Wednesday, March 20, 2019
Happy and musical, what more could you want! Happy International Day of Happiness! View Post
New term, new school journey
Our friends at Living Streets tell us why walking to school is so important for children, their families and the communities they live in...
As the children start a new term, many parents and drivers are thinking about the dreaded school run. But it doesn’t have to be this way.
At Living Streets, the UK charity for everyday walking, we want to get more children walking to school for a range of reasons: to promote healthier habits, to protect the environment, to reduce traffic problems around school gates and to increase self-confidence and social skills.
Currently, one in three children leaves primary school obese or overweight. Whilst diet is one aspect of this, so too are the declining levels of physical activity. Only one fifth of 5–15 year olds are achieving the recommended 60 minutes of activity per day. Inactivity is making people unhealthy and unhappy and costs the health service up to £10 billion a year.
We know that walking to school is a free, accessible and easy way to start getting children more active. In the government’s Childhood Obesity Strategy, they’ve committed to a ‘clear target to increase the number of children walking to school’.
The walk to school offers a range of benefits for everyone. Physically active children arrive at school more alert, ready to learn and achieve better grades than those who are driven. Parents who walk to school with their children value the social time it provides, free from the distractions of everyday life. Plus, 23% of peak-time traffic is made up from the school run, so the more children walking, the less congestion and pollution there is on roads, making school gates a safer place.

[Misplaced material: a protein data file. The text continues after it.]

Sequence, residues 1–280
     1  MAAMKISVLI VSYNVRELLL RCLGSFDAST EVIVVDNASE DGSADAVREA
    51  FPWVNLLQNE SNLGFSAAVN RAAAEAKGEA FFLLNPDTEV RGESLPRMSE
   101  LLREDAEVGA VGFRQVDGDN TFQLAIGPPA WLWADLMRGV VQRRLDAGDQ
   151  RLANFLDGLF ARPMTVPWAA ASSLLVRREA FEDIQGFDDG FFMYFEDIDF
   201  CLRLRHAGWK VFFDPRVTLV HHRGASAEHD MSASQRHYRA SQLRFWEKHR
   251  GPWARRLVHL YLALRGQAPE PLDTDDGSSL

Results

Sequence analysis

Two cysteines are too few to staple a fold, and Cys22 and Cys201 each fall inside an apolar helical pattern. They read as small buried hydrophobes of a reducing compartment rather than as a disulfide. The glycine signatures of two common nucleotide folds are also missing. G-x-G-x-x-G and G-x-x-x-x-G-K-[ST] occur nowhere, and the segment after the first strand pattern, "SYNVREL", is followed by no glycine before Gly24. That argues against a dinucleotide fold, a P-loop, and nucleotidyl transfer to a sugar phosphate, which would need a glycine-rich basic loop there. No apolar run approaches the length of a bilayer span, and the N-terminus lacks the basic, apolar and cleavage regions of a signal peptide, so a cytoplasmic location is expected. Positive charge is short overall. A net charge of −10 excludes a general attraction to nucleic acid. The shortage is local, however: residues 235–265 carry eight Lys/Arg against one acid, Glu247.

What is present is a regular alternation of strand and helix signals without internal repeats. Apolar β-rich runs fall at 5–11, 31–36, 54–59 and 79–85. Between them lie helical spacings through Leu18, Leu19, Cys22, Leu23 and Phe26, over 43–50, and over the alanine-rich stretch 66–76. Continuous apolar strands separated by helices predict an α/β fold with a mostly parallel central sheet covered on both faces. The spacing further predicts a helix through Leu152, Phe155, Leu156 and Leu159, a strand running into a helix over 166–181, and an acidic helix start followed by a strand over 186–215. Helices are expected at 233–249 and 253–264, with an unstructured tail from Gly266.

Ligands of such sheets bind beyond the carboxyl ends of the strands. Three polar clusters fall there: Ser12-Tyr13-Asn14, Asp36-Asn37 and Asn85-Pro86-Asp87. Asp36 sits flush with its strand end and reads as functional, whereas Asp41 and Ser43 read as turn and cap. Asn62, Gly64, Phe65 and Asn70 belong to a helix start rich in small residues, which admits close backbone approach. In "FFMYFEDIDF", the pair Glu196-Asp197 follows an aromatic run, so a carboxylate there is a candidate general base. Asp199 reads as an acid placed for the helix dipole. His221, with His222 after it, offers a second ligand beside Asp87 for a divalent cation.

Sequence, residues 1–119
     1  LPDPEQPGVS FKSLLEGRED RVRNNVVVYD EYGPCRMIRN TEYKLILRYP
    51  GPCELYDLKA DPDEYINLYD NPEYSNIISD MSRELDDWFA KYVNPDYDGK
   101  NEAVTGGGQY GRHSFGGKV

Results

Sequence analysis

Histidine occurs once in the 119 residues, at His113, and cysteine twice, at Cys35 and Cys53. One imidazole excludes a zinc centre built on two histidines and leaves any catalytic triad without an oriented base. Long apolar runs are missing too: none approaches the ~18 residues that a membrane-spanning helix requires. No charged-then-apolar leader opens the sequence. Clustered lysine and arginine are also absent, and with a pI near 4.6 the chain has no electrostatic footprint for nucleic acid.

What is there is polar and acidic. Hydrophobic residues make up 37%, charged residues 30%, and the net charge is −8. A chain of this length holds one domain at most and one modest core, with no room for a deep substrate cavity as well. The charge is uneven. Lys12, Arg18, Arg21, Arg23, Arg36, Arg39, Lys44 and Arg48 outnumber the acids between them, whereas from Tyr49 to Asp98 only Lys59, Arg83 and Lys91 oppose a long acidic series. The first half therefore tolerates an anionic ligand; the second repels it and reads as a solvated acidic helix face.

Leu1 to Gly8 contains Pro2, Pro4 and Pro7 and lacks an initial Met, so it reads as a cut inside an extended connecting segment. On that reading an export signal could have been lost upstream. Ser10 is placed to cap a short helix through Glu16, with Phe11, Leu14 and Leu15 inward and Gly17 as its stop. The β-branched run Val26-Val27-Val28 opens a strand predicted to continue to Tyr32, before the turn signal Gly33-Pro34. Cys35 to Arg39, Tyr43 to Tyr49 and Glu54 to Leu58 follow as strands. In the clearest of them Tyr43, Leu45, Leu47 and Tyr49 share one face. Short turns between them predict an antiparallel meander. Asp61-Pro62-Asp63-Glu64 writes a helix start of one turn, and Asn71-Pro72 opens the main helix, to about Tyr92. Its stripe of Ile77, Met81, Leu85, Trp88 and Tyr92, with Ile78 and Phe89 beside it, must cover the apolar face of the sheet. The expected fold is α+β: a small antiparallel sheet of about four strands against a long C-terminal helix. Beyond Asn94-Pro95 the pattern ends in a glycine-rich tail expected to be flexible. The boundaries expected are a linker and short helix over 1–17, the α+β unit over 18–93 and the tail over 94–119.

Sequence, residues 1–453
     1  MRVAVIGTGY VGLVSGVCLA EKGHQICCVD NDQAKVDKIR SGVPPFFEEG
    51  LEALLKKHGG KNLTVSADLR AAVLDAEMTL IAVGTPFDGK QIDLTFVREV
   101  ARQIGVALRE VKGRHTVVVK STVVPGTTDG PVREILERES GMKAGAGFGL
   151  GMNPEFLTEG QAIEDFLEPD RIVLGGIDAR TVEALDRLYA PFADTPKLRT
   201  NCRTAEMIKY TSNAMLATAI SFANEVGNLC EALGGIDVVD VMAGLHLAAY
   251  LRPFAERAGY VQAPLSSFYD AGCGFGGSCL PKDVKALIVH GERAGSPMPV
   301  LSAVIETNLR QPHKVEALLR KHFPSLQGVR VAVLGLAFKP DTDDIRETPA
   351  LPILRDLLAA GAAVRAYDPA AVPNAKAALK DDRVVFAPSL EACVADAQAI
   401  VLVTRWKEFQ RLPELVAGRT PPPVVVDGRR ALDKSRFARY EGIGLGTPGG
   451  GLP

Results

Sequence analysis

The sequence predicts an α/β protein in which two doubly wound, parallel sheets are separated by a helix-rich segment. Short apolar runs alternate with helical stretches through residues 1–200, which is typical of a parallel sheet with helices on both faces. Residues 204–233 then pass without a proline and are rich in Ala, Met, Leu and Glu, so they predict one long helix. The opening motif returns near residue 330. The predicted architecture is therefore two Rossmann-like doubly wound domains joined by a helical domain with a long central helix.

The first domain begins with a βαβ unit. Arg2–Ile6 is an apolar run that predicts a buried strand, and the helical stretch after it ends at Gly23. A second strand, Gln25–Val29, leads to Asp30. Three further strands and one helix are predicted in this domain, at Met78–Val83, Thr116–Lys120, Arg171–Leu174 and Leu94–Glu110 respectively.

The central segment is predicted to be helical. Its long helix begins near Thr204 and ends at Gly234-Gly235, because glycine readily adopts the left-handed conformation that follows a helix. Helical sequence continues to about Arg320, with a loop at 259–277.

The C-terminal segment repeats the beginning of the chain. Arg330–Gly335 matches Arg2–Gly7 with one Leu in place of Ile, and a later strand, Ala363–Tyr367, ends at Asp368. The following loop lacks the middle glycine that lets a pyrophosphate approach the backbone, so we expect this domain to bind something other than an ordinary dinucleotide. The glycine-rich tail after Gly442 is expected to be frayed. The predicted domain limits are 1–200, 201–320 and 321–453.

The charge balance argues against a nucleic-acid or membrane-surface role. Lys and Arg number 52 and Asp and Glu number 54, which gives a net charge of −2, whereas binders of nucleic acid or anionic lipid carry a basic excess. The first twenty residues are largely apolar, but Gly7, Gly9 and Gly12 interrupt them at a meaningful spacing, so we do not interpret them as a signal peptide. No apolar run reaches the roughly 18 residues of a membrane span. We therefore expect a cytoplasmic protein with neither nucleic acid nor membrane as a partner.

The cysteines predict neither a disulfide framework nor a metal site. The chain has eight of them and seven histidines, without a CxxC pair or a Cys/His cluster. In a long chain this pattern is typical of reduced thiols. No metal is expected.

Despite these many benefits, 2012 saw more children being driven to school than walking. We need to encourage children to introduce walking into their everyday lives so that they develop healthy habits for life.
Give walking a go this September. Work and distance from your child’s school might mean walking the whole way isn’t possible, but Park and Stride is the answer. Parking further away and walking the last few minutes means less cars and pollution, children will get that extra bit of vital exercise and chances are you’ll be back at your car in the same time it would have taken you to crawl through traffic to the school’s gates.
Visit http://www.livingstreets.org.uk/walktoschool to find out more.
All images published with kind permission from Living Streets.
2: Health and Social Care Information Centre. (2013). Health Survey for England – 2012
3: Public Health England. (2016). Patterns and trends in childhood obesity: A presentation of the latest data on child obesity